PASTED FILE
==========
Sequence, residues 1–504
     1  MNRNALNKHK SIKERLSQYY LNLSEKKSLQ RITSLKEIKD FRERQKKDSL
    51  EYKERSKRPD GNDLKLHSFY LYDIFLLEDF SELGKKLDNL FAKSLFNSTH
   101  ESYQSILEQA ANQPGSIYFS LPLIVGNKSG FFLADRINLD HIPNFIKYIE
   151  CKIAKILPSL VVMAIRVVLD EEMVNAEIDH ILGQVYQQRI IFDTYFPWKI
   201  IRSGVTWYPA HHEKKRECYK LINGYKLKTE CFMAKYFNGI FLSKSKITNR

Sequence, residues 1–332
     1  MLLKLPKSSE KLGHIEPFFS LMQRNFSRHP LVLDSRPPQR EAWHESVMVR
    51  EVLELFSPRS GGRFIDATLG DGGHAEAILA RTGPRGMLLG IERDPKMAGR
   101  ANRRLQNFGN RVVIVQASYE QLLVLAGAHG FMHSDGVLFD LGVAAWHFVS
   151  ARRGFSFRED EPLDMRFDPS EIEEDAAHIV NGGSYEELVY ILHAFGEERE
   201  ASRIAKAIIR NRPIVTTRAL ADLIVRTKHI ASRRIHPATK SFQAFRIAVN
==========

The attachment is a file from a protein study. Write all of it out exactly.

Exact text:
Sequence, residues 1–504
     1  MNRNALNKHK SIKERLSQYY LNLSEKKSLQ RITSLKEIKD FRERQKKDSL
    51  EYKERSKRPD GNDLKLHSFY LYDIFLLEDF SELGKKLDNL FAKSLFNSTH
   101  ESYQSILEQA ANQPGSIYFS LPLIVGNKSG FFLADRINLD HIPNFIKYIE
   151  CKIAKILPSL VVMAIRVVLD EEMVNAEIDH ILGQVYQQRI IFDTYFPWKI
   201  IRSGVTWYPA HHEKKRECYK LINGYKLKTE CFMAKYFNGI FLSKSKITNR

Sequence, residues 1–332
     1  MLLKLPKSSE KLGHIEPFFS LMQRNFSRHP LVLDSRPPQR EAWHESVMVR
    51  EVLELFSPRS GGRFIDATLG DGGHAEAILA RTGPRGMLLG IERDPKMAGR
   101  ANRRLQNFGN RVVIVQASYE QLLVLAGAHG FMHSDGVLFD LGVAAWHFVS
   151  ARRGFSFRED EPLDMRFDPS EIEEDAAHIV NGGSYEELVY ILHAFGEERE
   201  ASRIAKAIIR NRPIVTTRAL ADLIVRTKHI ASRRIHPATK SFQAFRIAVN